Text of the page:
• Dominik Jeske 0

    I have just tested this feature and it works for MS/ libs but there is a problem with private nugets that we have on our company private repository. Our nugets have symbol packages on our symbol server and debugging is working – modules window is showing “Symbols loaded”, we can step into but they are not listed in “External Sources”. Is there something I’m missing? The other thing is that sorting and filtering is must have with this kind of feature.

    • Harshada HoleMicrosoft employee 0

      Hello Dominik ,

      Thanks a lot for trying the feature.
      Yes, we are looking into implementing sorting/search for this node in the coming releases.

      For the private NuGet you are having issues with; do you have the sources checked out locally for it by any chance?
      Right now the modules only appear under the External Source if it has source link / source server info. It does not yet support the local resources without source link/source server details.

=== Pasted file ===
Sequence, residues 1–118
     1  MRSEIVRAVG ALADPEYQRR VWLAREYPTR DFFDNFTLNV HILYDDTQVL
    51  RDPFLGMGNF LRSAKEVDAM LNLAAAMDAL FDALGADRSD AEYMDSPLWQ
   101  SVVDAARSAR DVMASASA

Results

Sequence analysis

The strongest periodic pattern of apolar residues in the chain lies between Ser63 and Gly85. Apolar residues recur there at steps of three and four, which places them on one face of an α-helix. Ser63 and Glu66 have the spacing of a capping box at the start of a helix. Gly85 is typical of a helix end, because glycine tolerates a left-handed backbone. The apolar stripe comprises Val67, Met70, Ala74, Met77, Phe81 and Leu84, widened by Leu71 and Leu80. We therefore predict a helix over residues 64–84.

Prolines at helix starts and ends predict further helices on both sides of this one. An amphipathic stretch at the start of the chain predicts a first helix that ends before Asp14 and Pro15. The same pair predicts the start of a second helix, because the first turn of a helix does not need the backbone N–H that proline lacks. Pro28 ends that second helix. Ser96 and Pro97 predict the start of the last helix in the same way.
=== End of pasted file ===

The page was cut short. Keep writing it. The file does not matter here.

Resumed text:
Feel free to reach us on and we can discuss your scenario in detail if needed.

      • Dominik Jeske 0

        I can confirm that External Sources are now working in preview4 for symbols integrated with source codes

  • Santiago Estrada Rubio 0

    It’s great to be able to debug NUGET packages. Until now I had to associate them as a reference just for debugging. But in debugging my main problem is remote debugging of applications installed on clients. Hope there are improvements as well because I can only debug while on the same network or domain.

  • David Zidar 2

    Why is this a debug only feature? It would be just as useful to have access to external sources while writing code. Today I have to use ILSpy all the time.